Home again, home again jiggity jog…… What a trip that was, three weeks so full and enriching and reviving that it felt like we were gone for two months. So I suppose we got our money’s worth. And our time’s worth. But it’s great to be home. Another sign of a good trip!! Great restaurants and stunning countryside, inspiring history and phenomenal markets — but in the end it’s hard to beat the comfort of being back in your own bed.
The view from our friends' home in the village of Pergo in southern Tuscany
Planes, trains and automobiles. Five different flights got us from Seattle to Rome, then from Paris back home again. Trains of varying speeds and spiffyness took us from Rome to the Tuscan countryside, from Florence to Nice (via Milan), then from the byways of Alsace into Paris. And in five days of car rental I motored over 800 kilometers from Nice to Arles, around the Camargue, through Burgundy and eventually dropped our Renault off at the Strasbourg airport where Alsatian friends picked us up.
Classic Alsatian flowers and architecture and charm in the town of Riquewihr
We went. We saw. We conquered museums, markets, meals, and miles and miles of countryside drives and city walks.
With nearly 1000 photos to organize and nearly as many experiences and impressions to try to capture, it may be a while before a cogent recap of this trip gets posted. If ever that really happens. But some off-the-cuff highlights and random thoughts.
a) The color of the season in Paris is PURPLE in all its delicious shades: eggplant, cassis, violet, grape. Coats, sweaters, shoes, purses. And anyone who knows me knows that the last thing I pay attention to is fashion, so this had to be a pretty obvious one……
b) Pop-up music/performances abound in Europe. In Arezzo it was a small stage set in a town square with ballerinas practicing for an event of some kind, as we sat nearby on a restaurant patio having lunch. Sitting at a cafe in Paris near the Palais Royal, we were serenaded by a string octet performing beautiful classical pieces. On the Pont des Arts near the Louvre, it was an American high school band doing their thing. An all-time favorite Paris memory is being on the metro and a guy jumps on and starts singing Blue Skies, one of my very favorite songs. I will never tire of unexpected art of this fashion.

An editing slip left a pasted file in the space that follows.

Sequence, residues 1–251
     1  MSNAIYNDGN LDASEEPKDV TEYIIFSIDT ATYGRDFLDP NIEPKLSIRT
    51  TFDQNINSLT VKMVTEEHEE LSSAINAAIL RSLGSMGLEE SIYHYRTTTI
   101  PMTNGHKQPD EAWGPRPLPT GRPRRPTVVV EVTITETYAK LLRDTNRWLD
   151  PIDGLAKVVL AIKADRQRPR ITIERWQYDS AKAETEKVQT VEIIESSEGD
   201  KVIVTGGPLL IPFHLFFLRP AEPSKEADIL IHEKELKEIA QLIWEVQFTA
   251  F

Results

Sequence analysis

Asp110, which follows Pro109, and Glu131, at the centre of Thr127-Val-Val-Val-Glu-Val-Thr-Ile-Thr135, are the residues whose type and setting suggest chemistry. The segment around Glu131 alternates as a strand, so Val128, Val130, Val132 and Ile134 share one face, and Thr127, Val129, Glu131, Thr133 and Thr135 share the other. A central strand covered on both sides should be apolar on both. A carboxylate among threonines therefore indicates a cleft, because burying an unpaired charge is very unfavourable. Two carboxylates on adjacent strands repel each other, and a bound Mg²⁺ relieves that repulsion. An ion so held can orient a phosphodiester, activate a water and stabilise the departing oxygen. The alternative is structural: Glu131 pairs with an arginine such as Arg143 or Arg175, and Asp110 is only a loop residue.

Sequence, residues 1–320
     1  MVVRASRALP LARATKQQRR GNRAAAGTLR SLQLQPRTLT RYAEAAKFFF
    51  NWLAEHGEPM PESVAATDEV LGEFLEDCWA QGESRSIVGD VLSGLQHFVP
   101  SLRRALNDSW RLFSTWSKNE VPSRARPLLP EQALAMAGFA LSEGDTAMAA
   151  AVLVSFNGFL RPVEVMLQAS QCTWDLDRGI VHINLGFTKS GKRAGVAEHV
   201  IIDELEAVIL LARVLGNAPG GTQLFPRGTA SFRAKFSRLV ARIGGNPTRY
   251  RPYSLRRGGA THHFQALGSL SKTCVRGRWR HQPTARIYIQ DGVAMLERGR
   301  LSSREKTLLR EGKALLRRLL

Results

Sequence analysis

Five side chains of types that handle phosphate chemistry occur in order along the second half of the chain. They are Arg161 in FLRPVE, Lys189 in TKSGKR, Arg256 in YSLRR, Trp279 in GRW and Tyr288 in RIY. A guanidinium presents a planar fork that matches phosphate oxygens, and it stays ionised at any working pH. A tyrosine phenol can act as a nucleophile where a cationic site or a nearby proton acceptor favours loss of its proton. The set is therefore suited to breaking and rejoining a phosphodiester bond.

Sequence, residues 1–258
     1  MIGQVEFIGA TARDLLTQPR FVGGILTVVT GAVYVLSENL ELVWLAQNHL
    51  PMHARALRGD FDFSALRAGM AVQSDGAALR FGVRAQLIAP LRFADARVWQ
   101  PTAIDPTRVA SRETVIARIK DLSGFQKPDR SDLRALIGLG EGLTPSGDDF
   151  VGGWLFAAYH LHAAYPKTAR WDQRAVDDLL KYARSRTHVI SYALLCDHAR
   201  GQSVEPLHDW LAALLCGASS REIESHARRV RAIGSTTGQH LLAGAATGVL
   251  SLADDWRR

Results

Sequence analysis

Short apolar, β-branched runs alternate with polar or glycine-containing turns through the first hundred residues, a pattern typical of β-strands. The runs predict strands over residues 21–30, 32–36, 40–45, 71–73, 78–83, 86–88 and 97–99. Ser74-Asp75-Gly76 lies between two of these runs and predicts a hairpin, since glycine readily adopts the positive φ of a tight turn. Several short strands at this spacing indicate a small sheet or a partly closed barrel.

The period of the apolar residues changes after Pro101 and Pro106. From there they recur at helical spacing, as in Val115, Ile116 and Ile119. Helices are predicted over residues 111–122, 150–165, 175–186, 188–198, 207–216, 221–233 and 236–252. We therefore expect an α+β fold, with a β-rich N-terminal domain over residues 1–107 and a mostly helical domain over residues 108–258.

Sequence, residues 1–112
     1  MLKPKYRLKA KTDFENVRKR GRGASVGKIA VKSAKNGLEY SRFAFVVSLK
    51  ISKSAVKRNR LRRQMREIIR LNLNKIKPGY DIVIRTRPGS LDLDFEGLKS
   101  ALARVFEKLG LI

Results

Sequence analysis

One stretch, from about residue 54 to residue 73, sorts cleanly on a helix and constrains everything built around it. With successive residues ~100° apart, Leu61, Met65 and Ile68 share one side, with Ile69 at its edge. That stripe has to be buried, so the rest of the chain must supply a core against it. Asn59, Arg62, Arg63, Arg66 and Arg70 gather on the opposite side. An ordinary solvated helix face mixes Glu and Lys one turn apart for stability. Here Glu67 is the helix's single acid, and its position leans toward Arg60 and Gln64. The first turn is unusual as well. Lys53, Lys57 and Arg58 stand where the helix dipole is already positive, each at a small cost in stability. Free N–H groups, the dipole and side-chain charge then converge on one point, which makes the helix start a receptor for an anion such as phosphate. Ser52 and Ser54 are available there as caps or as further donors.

An impropmptu (and wonderful) concert, serenading our cafe lunch near Palais Royal
c) As might be predicted, our vistas when driving around the Tuscany countryside for a couple of days rarely lacked for an olive tree or two (or two hundred). The region surely lives up to its reputation for locally-made olive oil. But this was a surprise: I asked our friends about those lush fields of hip-high, vivid green plants with broad leaves. Would you believe that Tuscany is also a big producer of tobacco? Could have fooled me! And we saw lots of fields of it in our time there.
One of a few black & white shots I took inspired by a photo exhibit we'd just been to in Paris
d) In Florence we did go to the primo museums that every tourist really should visit: the Uffizi (with many special pieces of art, the highlight for us Botticelli’s “Birth of Venus”) and l’Accademia (David). In Paris we skipped the Louvre and the Grand Palais, opting instead for the Henri Cartier-Bresson Foundation‘s exhibit of black and white photos by Harry Callahan (which inspired a handful of b&w shots following the visit) and the Musée National Eugene Delacroix in the home-studio the artist lived in literally around the corner from the hotel where I always stay in Paris (never having known the museum was even there).
e) I’d bet that a gelato a day can do as much for our well-being as any apple could. I didn’t quite get a daily dose but did indulge when I could. One friend directed me to the lemon gelato at Gelateria Carabe in Florence, another to the rich
Amazing artisinal gelato in Florence
treats of Vestri also in Florence (I tried pistachio and vanilla there). To be honest, though? Best gelato I had on the trip was at Amorino in Paris. Twice.
f) When in Rome, do as the Romans. And when in the Black Forest, eat a piece of Black Forest Cake!! A fun surprise addition to our itinerary was one day driving to, and through parts of, the Black Forest in Germany. I knew of course that Alsace is on the German border, but didn’t realize my friends’ home was so close as just 25 km or so from Germany. One day we headed that way and got a tiny taste of lovely German countryside, surprisingly distinct from the Alsatian countryside so nearby. I couldn’t NOT try the traditional chocolate-cherry-whipped cream cake while there. Very simple and quite delightful. Look really forward to going back and exploring the region more.
The real deal: Black Forest Cake, in the Black Forest!
Heavens. So many more pictures!! And so many more stories they evoke. But they’ll have to wait for another time. Hope you enjoyed this little sampling.